Author Topic: "ASTRO 95 Heavy" San Francisco Bay Area ATC audio  (Read 10558 times)

Offline Squawk 7700

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"ASTRO 95 Heavy" San Francisco Bay Area ATC audio
« on: September 22, 2012, 07:56:55 PM »
Composite clip of "ASTRO95 Heavy" San Francisco Bay Area flyover.
« Last Edit: September 23, 2012, 12:37:37 AM by Squawk 7700 »


Feeder:
KHWD Ground/Tower
KOAK Del/Gnd/Twr
KSFO NORCAL App Rwy 28L/R
KSFO Tower/Ground
NORCAL Approach (KOAK)
NORCAL Departure (KSFO/KOAK)
KSJC NORCAL Apr#2
ZOA Oakland Center (35/40/41)
RJTT App/Dep
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RJTT Twr/TCA + Ground

Offline Fryy

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Re: "ASTRO 95 Heavy" San Francisco Bay Area ATC audio
« Reply #1 on: September 23, 2012, 03:52:58 AM »
Thank you for putting this together. I enjoy your feeds!

Offline helijeff

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Re: "ASTRO 95 Heavy" San Francisco Bay Area ATC audio
« Reply #2 on: September 23, 2012, 06:50:53 PM »
This is awesome!
I wish someone would do this for the flight over LA.

Offline Squawk 7700

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Re: "ASTRO 95 Heavy" San Francisco Bay Area ATC audio
« Reply #3 on: September 24, 2012, 12:31:49 AM »
Thanks Fryy!
Feeder:
KHWD Ground/Tower
KOAK Del/Gnd/Twr
KSFO NORCAL App Rwy 28L/R
KSFO Tower/Ground
NORCAL Approach (KOAK)
NORCAL Departure (KSFO/KOAK)
KSJC NORCAL Apr#2
ZOA Oakland Center (35/40/41)
RJTT App/Dep
RJTT Tokyo Control
RJTT Twr/TCA + Ground

Offline DaveL

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Re: "ASTRO 95 Heavy" San Francisco Bay Area ATC audio
« Reply #4 on: September 28, 2012, 09:18:54 AM »
Anyone know what was meant by pilot's question at 1:11?  Sounded like  "Do you have a uniform".   ATC's answer was "Hang on a second I'll get it for you....  It's three fifty-four one.".     

Offline chuckles

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Re: "ASTRO 95 Heavy" San Francisco Bay Area ATC audio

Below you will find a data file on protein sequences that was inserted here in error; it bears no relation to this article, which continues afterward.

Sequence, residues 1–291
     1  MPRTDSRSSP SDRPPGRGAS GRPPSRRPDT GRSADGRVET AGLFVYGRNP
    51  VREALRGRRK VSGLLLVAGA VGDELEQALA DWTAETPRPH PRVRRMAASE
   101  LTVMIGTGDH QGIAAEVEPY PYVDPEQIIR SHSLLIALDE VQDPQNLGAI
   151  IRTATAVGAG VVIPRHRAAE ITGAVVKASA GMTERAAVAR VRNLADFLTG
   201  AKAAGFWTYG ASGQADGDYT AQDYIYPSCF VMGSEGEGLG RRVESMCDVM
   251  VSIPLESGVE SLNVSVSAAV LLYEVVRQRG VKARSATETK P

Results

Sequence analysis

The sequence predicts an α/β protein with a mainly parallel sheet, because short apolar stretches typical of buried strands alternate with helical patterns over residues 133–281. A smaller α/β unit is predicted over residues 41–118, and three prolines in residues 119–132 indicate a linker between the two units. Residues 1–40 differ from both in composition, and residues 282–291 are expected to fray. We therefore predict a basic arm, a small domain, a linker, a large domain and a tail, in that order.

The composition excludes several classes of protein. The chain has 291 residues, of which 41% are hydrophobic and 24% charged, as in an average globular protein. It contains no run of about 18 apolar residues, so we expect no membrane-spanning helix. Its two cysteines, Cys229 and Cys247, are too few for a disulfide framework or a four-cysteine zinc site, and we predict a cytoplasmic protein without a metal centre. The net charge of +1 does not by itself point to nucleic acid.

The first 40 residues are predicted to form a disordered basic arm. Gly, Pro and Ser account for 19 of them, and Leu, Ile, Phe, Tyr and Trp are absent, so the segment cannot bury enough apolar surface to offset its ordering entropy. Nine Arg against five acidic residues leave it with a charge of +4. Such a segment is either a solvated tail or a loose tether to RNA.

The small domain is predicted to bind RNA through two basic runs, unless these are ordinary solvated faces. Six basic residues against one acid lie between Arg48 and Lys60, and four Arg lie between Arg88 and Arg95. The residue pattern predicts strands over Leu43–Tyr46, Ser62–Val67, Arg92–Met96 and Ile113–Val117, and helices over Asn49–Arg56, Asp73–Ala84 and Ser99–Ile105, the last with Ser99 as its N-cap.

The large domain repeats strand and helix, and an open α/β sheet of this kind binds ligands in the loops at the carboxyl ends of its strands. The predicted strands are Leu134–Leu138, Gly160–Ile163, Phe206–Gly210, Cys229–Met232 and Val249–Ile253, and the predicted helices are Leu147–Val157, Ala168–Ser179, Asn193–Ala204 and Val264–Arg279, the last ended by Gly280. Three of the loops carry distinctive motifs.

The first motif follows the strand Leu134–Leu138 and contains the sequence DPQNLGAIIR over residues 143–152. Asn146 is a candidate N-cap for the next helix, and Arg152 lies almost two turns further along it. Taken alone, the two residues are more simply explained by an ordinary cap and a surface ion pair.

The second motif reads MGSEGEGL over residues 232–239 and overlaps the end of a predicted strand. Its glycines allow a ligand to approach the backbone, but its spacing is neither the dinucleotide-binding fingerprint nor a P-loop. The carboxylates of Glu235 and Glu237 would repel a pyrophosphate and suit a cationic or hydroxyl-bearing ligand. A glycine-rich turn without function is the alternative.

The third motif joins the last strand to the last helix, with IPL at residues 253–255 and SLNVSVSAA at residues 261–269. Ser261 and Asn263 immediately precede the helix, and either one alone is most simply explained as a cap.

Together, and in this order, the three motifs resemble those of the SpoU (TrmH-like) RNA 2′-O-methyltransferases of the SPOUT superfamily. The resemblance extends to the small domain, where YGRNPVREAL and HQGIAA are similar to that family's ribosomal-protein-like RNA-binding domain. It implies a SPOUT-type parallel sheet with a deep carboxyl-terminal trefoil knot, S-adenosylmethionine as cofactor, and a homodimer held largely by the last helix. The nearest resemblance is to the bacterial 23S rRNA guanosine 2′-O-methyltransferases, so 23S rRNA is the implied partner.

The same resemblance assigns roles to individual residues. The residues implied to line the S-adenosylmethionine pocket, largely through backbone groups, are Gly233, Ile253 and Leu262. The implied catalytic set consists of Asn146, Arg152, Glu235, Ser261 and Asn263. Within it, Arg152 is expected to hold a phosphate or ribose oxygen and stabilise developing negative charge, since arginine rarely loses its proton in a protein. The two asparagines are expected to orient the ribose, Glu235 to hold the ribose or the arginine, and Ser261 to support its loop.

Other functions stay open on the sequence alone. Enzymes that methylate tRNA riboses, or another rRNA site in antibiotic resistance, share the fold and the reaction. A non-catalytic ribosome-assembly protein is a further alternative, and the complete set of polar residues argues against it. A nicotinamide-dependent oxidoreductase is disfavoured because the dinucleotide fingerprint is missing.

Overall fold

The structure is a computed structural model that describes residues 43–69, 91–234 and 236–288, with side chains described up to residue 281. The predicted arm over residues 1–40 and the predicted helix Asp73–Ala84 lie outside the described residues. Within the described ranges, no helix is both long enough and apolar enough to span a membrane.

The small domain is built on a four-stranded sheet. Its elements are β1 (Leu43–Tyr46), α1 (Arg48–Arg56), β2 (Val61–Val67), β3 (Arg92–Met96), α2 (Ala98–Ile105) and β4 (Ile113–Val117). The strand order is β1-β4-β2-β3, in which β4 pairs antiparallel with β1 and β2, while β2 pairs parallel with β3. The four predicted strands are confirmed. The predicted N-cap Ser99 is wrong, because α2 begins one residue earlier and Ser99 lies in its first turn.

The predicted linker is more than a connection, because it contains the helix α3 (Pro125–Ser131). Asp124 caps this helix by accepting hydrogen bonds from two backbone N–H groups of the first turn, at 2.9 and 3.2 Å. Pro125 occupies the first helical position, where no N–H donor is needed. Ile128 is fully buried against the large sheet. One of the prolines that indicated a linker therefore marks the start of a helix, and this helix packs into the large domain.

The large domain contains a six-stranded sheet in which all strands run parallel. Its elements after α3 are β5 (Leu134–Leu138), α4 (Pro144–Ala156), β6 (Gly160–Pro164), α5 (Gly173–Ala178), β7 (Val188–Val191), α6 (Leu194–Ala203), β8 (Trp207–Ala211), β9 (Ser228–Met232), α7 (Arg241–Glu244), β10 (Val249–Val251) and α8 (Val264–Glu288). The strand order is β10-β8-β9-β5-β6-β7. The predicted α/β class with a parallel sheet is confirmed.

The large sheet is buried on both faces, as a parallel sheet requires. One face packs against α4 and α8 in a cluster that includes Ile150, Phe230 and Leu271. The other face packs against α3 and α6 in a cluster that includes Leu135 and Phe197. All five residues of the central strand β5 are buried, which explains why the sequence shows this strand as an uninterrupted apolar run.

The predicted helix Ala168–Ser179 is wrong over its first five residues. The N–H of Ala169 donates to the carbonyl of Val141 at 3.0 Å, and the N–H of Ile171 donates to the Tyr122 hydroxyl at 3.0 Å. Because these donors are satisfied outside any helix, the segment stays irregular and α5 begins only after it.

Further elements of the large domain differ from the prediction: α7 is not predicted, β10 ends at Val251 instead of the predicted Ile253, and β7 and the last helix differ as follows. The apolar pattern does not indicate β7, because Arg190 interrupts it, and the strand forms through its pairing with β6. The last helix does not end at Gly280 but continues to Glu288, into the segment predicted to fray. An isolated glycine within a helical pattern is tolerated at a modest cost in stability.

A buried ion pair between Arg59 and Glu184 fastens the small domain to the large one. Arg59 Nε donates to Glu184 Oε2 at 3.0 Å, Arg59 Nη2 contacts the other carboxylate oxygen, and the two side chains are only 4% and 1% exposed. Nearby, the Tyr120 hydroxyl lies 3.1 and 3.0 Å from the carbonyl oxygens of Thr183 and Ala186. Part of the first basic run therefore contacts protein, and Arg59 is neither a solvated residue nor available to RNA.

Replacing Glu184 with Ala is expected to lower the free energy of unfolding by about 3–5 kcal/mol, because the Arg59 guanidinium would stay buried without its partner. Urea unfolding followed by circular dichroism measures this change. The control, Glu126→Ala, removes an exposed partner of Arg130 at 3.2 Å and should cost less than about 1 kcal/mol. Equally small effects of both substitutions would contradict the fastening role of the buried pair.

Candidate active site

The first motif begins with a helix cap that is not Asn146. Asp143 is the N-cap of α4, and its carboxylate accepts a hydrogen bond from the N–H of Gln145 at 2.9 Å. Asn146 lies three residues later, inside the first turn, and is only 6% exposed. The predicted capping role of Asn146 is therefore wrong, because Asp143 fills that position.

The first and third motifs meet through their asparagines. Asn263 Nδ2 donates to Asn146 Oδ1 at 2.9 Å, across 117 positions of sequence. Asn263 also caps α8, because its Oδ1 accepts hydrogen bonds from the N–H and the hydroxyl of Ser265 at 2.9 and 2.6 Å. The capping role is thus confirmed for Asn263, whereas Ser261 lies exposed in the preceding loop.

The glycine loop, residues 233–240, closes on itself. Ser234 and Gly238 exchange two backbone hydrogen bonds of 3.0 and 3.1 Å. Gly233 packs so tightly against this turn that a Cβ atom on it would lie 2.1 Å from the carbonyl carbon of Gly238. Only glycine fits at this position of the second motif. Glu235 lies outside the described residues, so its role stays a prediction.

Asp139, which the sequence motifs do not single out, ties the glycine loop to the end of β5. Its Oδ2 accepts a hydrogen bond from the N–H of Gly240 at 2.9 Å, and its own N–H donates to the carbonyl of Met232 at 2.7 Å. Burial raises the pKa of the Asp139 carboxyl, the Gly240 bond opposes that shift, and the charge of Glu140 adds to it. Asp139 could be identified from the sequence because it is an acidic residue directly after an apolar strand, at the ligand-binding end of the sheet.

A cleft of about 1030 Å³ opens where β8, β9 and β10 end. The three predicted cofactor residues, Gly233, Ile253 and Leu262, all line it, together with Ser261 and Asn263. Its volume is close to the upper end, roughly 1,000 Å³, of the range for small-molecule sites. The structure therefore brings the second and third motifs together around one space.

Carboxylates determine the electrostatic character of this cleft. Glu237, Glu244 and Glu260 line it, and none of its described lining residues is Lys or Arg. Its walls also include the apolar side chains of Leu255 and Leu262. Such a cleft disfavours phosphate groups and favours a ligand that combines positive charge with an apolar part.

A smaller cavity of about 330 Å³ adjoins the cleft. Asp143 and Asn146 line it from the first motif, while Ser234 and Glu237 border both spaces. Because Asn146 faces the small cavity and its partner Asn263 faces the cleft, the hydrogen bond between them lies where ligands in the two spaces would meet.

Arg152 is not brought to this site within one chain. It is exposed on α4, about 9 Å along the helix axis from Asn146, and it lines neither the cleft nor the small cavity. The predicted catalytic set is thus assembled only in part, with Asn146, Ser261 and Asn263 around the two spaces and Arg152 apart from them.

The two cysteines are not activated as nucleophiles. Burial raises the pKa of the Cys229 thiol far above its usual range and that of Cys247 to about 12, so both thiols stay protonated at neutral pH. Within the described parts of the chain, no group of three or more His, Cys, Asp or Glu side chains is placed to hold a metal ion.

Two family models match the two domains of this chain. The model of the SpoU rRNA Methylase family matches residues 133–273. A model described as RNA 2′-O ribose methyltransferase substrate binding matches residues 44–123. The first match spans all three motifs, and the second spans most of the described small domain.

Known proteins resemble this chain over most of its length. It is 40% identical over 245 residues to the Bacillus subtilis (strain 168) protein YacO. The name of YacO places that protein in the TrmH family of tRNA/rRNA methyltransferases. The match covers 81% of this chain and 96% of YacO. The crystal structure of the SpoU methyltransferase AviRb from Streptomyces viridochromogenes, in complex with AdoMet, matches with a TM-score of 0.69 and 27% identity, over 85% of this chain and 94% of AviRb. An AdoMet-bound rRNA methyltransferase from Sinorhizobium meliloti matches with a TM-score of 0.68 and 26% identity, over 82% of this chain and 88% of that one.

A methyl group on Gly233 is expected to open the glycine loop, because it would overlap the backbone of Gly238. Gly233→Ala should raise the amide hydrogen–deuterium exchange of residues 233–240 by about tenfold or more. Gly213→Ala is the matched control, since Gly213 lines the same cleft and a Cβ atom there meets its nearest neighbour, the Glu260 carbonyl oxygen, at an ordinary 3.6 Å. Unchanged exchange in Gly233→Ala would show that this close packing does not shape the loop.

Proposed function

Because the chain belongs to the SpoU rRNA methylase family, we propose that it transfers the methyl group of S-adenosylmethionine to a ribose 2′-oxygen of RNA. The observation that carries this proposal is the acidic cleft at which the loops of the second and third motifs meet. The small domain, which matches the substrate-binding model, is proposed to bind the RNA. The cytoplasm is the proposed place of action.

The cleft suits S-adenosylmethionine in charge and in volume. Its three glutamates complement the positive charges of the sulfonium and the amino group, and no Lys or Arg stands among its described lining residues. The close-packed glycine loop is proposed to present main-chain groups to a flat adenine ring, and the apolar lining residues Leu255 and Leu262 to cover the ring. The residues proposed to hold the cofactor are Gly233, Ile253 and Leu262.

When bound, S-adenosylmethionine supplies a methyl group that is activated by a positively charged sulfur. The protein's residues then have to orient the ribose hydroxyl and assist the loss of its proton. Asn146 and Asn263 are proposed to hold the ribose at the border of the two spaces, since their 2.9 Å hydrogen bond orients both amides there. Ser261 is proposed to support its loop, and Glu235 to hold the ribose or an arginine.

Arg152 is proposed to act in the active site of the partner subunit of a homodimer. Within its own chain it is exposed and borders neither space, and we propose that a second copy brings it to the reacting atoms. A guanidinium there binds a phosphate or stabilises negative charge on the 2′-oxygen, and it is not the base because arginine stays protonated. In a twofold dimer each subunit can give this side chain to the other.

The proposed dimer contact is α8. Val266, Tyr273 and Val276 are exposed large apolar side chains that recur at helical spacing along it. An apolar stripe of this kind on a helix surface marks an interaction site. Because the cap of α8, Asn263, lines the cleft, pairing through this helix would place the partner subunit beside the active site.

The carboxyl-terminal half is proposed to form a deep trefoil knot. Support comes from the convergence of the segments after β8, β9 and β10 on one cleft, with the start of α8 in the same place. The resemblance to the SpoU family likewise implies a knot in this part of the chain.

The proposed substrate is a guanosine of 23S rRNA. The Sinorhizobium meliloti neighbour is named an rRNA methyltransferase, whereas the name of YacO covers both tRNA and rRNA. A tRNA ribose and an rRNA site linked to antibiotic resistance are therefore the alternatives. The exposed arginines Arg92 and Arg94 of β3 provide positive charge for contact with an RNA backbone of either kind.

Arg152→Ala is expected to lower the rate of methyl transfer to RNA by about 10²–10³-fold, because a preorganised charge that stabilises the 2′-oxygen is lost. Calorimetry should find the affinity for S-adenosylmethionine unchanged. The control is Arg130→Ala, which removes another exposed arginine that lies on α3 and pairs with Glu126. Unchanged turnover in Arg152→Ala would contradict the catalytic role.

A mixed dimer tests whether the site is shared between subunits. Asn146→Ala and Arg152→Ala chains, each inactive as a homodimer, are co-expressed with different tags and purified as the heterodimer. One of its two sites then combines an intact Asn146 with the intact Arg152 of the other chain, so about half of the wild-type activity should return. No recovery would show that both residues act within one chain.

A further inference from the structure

« Reply #5 on: September 28, 2012, 10:11:24 AM »
Certainly not an expert here, but I'll give this one a try:  Most aircraft frequencies you/we listen to are broadcast over VHF (Very High Frequencies).   These aircraft mainly are in the range of 108-137 MHz.  Air Traffic Controllers also offer a simulcast transmission which is transmitted on a UHF (Ultra-High Frequency), usually in the range of 225-420 MHz.  This range is mainly used by the Military aircraft, while commercial and general aviation pilots use the VHF.  If using the UHF frequencies, you would only hear the controller side of the conversation, and miss all the chatter of the other aircraft calling on the VHF frequency.  The VHF frequencies are called “Victor”, and UHF frequencies are known as “Uniform”.  Astro 95 was given the VHF frequency of 125.35 and was requesting the “Uniform” (UHF equivalent from the controller) which is 354.1.  I would assume it was to focus on what they were trying to do in the cockpit, and not be disturbed by all the chatter of the news helicopters flying in the area who were also talking with the controller on the VHF frequency.   Most scanner listeners out there use the VHF mode to pick up both sides of the conversation.  Like I said earlier, the military/government are the main users of the aircraft UHF frequencies.  Perhaps the easiest way to remember it is military=uniforms, and UHF is shortened as “Uniform”.  Hope that helped a little.

Offline cessna157

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Re: "ASTRO 95 Heavy" San Francisco Bay Area ATC audio
« Reply #6 on: December 18, 2012, 09:59:15 AM »
@DaveL and chuckles,
that is correct.  A pilot asking for "Uniform" wants a UHF frequency where a majority of military transmissions take place.  "Victor" is VHF where civilians are
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